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Distributed MIMO chaotic radar based on wavelengthdivision multiplexing technology Tingfeng Yao,1 Dan Zhu,1,2 De Ben,1 and Shilong Pan1,* 1

The Key Laboratory of Radar Imaging and Microwave Photonics, Ministry of Education, Nanjing University of Aeronautics and Astronautics, Nanjing 210016, China 2 e-mail: [email protected] *Corresponding author: [email protected]

Received December 8, 2014; revised February 26, 2015; accepted March 9, 2015; posted March 11, 2015 (Doc. ID 229327); published April 3, 2015 A distributed multiple-input multiple-output chaotic radar based on wavelength-division multiplexing technology (WDM) is proposed and demonstrated. The wideband quasi-orthogonal chaotic signals generated by different optoelectronic oscillators (OEOs) are emitted by separated antennas to gain spatial diversity against the fluctuation of a target’s radar cross section and enhance the detection capability. The received signals collected by the receive antennas and the reference signals from the OEOs are delivered to the central station for joint processing by exploiting WDM technology. The centralized signal processing avoids precise time synchronization of the distributed system and greatly simplifies the remote units, which improves the localization accuracy of the entire system. A proof-ofconcept experiment for two-dimensional localization of a metal target is demonstrated. The maximum position error is less than 6.5 cm. © 2015 Optical Society of America OCIS codes: (280.5600) Radar; (060.5625) Radio frequency photonics; (350.4010) Microwaves. http://dx.doi.org/10.1364/OL.40.001631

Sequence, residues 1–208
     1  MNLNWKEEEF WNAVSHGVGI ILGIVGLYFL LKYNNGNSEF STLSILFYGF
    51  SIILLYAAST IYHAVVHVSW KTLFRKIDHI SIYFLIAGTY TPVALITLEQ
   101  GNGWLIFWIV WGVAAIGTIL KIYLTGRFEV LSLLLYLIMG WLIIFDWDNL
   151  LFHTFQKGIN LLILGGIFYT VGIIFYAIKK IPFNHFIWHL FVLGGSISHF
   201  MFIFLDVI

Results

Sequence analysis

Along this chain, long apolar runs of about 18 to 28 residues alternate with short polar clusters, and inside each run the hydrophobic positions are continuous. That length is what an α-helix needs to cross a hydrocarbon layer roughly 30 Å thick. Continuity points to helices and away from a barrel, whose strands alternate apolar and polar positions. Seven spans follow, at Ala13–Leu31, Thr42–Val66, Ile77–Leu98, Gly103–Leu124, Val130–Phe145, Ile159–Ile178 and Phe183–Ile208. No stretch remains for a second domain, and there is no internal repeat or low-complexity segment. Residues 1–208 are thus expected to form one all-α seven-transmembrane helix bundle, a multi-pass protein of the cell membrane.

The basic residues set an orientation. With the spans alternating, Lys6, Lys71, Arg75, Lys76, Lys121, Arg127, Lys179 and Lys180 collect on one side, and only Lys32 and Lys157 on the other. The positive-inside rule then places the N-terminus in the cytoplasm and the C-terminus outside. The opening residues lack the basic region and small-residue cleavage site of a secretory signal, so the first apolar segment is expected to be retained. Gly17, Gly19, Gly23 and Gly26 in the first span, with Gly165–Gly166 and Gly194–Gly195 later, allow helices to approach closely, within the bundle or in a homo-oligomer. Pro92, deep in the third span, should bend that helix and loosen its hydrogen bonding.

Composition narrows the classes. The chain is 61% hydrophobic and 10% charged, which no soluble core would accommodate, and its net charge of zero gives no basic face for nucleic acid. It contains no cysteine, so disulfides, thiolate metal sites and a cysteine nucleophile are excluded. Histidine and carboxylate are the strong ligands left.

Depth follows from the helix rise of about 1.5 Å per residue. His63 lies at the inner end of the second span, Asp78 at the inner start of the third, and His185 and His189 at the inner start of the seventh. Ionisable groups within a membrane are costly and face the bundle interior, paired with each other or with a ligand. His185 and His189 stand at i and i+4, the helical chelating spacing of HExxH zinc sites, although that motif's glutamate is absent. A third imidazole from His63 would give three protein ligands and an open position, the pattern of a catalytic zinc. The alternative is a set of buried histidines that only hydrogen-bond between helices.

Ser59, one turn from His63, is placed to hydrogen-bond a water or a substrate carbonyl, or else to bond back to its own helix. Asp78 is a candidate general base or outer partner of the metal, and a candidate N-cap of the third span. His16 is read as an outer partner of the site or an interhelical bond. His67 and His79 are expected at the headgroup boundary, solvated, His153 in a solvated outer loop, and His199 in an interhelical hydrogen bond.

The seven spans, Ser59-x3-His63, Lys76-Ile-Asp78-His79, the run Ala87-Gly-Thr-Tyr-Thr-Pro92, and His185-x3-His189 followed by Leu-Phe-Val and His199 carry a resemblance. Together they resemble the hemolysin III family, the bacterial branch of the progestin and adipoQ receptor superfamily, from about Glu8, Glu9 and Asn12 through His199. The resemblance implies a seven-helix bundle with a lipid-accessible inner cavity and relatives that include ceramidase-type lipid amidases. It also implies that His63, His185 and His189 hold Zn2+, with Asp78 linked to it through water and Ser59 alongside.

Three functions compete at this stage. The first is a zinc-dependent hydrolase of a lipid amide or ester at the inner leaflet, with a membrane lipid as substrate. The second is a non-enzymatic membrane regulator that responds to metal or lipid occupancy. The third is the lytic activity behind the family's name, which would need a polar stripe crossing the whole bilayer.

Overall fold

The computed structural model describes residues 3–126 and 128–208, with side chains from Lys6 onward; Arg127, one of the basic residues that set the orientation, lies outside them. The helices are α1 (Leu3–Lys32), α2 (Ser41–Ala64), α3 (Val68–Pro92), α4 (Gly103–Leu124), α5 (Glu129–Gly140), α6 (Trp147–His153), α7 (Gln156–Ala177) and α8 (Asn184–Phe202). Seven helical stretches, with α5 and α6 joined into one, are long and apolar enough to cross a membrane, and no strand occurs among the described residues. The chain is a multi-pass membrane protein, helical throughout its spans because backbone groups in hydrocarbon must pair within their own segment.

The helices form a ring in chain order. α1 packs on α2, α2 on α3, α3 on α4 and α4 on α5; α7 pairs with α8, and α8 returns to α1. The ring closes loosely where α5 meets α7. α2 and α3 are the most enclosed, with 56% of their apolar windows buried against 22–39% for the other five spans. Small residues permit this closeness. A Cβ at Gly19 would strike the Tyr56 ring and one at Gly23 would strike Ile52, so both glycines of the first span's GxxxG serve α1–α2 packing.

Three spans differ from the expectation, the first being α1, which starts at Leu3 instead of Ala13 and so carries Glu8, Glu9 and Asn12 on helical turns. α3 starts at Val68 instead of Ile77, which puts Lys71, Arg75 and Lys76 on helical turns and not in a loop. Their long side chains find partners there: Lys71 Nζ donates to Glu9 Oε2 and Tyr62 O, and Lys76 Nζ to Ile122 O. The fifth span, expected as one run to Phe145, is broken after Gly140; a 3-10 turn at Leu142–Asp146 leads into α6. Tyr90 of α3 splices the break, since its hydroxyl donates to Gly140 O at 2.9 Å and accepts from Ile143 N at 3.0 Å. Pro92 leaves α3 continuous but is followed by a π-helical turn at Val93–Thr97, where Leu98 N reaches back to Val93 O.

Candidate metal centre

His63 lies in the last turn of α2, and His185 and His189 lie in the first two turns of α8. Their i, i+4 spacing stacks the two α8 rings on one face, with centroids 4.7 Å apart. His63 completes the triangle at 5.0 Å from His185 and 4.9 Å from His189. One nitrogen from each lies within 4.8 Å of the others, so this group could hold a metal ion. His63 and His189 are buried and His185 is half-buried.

Multiple-input multiple-output (MIMO) radar which is a radar system employing multiple transmit waveforms and jointly processing signals received at multiple receive antennas has attracted considerable interest in the past decade [1,2]. With widely separated antennas, MIMO radar can overcome the impairments of the target’s radar cross section fluctuations by exploiting spatial diversity. Moreover, in conjunction with the centralized processing, MIMO radar has the potential to further enhance the radar performance in detection and parameter estimation. In the distributed MIMO radar, multiple orthogonal waveforms, which are defined as the waveforms with very low cross-correlation and high self-correlation, have to be applied to differentiate the origins of the received signals. Thanks to the sensitivity of the chaotic signal to the initial condition, it is very easy to generate a large number of long-sequence orthogonal waveforms using chaotic systems [3]. In addition, unlike noise, the chaotic signals with good correlation property are deterministic and controllable, which make the chaotic signals well suited for distributed MIMO radar application. However, the chaotic signals generated by electrical circuits are usually bandwidth limited [4]. To overcome this problem, photonic-assisted broadband chaotic signal generation was proposed, which was generally implemented based on the chaotic behavior of photonic nonlinear dynamics in a laser diode (LD) [5–8] or an optoelectronic oscillator (OEO) [9,10]. The other challenge to realize a practical distributed MIMO chaotic radar is the precise time synchronization between the different radar units because all these units are working cooperatively. Furthermore, since the transmitters and the receivers are separated with considerable distances, it is hard to obtain the replicas of the transmitted chaotic signals to realize match filtering in each receiver [11]. Therefore, centralized processing of the raw data from all receivers is highly desirable. However, the receivers are conventionally connected to a central station by electrical cables, which always 0146-9592/15/081631-04$15.00/0